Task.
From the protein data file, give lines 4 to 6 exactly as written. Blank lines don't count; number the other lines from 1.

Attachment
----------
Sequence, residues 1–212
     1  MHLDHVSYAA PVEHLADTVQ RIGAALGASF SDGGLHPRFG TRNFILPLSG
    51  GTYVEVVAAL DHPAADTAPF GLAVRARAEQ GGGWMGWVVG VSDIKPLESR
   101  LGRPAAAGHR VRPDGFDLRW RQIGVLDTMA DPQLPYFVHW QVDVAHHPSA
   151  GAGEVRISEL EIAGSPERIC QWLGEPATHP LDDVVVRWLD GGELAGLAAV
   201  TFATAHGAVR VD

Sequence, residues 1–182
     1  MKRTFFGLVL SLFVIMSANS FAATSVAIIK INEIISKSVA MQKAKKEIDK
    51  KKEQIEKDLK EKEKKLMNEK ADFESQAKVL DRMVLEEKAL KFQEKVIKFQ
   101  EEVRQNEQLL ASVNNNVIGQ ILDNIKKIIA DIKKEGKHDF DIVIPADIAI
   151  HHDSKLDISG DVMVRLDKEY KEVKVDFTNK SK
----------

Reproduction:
   101  LGRPAAAGHR VRPDGFDLRW RQIGVLDTMA DPQLPYFVHW QVDVAHHPSA
   151  GAGEVRISEL EIAGSPERIC QWLGEPATHP LDDVVVRWLD GGELAGLAAV
   201  TFATAHGAVR VD